Information and resources on risk. Explore the links below to learn more.
What is risk assessment?Open
A risk assessment is simply a careful examination of what, in your work, could cause harm to people, so that you can weigh up whether you have taken enough precautions or should do more to prevent harm. Workers and others have a right to be protected from harm caused by a failure to take reasonable control measures.
The aim should always be to reduce the risks as much as is 'reasonably practicable'. 'Reasonably practicable' is a legal term that means employers must balance the cost of steps that they could take to reduce a risk against the degree of risk presented.
All locations and facilities should be included in the risk assessment. Surrounding businesses, local fire, police and community utilities should also be included in the assessment.
Legal responsibilities around risk assessmentOpen
The Management of Health and Safety at Work (MHSW) Regulations 1999 require all employers and the self-employed to assess the risks from their work to anyone who may be affected by their activities, for example employees, people who use services, volunteers and the general public.
The regulations require employers to carry out a systematic examination of their work activities and record the significant findings of the assessment. If an employer has five or more employees, the findings must be recorded in writing.
How to assess risk in the workplaceOpen
The HSE advocates taking a five-step approach to risk assessment:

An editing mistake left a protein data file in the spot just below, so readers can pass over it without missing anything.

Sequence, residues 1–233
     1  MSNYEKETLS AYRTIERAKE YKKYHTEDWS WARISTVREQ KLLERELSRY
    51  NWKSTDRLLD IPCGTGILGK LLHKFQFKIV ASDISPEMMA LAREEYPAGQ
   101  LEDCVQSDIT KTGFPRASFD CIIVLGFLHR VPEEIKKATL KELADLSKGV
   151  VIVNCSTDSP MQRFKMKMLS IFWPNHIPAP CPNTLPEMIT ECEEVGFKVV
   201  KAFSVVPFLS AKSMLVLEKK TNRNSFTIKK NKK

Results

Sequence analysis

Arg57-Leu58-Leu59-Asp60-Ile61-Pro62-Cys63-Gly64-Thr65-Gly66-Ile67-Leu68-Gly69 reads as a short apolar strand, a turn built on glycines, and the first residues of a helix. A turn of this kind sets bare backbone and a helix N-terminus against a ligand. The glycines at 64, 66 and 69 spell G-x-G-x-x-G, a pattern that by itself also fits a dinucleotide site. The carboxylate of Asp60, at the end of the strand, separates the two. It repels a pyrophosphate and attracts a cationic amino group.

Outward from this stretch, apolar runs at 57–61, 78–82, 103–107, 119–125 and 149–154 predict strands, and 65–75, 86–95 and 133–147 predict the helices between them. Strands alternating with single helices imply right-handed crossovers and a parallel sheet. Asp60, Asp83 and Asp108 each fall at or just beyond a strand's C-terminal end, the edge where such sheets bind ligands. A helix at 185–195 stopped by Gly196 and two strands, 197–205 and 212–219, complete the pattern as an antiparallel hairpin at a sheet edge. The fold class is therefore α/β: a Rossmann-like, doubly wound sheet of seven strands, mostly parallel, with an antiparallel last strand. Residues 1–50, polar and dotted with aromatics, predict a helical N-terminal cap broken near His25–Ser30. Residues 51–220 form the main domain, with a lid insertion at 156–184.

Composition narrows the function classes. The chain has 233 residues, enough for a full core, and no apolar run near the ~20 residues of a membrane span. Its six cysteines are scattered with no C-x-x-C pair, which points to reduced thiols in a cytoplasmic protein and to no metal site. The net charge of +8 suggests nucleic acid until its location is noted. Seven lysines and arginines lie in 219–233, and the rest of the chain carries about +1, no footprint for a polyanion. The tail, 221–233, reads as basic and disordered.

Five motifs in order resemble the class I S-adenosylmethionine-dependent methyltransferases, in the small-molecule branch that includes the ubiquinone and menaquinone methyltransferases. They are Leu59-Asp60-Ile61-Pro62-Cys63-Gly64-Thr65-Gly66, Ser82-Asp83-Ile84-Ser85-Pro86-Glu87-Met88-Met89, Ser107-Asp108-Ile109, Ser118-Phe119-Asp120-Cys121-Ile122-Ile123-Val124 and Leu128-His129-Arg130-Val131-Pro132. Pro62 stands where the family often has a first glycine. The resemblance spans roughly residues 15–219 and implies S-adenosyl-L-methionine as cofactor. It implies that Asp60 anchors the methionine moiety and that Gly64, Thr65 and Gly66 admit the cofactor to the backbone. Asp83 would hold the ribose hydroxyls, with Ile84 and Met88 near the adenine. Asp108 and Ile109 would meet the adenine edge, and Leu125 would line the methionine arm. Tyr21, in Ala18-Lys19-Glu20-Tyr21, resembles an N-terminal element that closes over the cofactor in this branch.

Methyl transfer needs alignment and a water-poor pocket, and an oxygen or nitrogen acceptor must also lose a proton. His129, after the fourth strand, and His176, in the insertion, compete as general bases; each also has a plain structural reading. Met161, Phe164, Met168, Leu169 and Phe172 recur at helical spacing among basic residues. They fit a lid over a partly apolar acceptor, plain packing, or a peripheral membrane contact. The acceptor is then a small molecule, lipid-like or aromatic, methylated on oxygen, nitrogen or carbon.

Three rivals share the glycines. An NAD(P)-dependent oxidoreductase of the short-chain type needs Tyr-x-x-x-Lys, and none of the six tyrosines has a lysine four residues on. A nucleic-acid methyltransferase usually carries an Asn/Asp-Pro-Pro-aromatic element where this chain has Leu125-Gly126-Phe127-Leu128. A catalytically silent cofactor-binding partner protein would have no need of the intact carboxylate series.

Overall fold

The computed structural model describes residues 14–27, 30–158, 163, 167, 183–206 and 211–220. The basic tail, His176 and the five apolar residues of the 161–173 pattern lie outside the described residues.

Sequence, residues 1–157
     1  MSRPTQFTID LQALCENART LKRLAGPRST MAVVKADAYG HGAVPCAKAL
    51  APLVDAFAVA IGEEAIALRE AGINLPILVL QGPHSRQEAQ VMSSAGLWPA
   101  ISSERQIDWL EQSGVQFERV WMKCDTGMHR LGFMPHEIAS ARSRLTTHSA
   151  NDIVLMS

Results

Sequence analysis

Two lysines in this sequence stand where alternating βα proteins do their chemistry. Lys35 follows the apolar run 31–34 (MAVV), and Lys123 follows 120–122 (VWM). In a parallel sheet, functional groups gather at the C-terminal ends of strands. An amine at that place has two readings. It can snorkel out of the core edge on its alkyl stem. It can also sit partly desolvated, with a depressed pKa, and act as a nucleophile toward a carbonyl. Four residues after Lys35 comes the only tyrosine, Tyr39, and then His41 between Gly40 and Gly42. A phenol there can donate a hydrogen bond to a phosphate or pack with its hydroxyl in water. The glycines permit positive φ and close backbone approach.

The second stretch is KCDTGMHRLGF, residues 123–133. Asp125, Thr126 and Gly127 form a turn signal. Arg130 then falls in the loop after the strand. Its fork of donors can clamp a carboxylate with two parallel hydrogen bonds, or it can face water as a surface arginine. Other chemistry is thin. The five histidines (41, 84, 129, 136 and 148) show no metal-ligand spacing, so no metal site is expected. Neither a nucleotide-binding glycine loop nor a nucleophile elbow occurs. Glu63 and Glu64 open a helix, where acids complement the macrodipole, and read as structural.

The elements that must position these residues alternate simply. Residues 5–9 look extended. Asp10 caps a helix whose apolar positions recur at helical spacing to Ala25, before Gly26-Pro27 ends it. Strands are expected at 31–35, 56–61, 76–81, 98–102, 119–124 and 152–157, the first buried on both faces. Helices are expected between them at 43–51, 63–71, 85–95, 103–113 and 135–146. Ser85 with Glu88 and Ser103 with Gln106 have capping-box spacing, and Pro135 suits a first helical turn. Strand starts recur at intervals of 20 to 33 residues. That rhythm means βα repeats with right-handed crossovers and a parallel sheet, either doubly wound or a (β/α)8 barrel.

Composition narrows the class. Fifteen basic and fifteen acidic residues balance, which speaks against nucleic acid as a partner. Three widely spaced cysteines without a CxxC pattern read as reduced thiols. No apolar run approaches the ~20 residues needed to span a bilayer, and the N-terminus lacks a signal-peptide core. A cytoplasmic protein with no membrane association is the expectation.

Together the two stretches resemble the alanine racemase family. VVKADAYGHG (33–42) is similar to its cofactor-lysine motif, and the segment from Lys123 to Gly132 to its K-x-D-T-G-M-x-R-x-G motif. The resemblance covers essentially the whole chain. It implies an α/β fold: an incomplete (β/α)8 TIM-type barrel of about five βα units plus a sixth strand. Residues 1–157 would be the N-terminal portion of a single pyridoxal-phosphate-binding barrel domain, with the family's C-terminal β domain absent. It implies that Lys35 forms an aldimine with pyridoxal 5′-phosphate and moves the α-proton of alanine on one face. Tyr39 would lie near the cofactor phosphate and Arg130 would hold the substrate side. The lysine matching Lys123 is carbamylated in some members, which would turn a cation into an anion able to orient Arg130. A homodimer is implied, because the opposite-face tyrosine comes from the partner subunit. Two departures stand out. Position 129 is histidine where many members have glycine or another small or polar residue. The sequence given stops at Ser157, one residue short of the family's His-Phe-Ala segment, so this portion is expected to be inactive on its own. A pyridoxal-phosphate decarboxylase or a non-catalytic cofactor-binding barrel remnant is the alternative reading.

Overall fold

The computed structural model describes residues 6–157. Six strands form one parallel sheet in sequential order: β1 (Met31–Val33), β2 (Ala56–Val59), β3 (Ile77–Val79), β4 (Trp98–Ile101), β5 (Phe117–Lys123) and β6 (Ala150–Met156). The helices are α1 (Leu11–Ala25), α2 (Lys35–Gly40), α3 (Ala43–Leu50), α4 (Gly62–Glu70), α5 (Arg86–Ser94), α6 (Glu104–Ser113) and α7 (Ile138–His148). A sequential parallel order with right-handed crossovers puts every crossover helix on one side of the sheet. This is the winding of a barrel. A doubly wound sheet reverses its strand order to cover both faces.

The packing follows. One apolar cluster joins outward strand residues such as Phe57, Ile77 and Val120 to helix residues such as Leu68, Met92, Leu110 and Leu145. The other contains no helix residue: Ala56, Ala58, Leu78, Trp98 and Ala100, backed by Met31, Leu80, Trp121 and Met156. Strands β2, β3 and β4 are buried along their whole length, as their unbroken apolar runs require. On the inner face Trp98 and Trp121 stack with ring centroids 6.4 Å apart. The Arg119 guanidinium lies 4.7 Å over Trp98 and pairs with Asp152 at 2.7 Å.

- Identify the hazards.
- Decide who might be harmed and how.
- Evaluate the risks and decide on precautions.
- Record your findings and implement them.
- Review your assessment and update if necessary.
There are a number of pieces of legislation that identify a specific risk assessment, including:
- the Manual Handling Operations Regulations 1992
- the Personal Protective Equipment at Work Regulations 1992
- the Health and Safety (Display Screen Equipment) Regulations 1992
- the Control of Substances Hazardous to Health Regulations 2002
- the Control of Asbestos at Work Regulations 2002.
The Display Screen Equipment Regulations
Once the assessment is completed, a business can make decisions regarding methods of reducing and managing risks. By completing a risk assessment, an organisation can implement the best strategies for contingency planning.
Reporting of Injuries, Diseases and Dangerous Occurrences Regulations 1995 (RIDDOR)
The Reporting of Injuries, Diseases and Dangerous Occurrences Regulations 1995 lay a legal requirement on employers, self-employed people and people in control of premises to report work-related deaths, major injuries, work-related diseases and dangerous occurrences (near-miss accidents). The number to call and the definition of terms are available on the HSE website.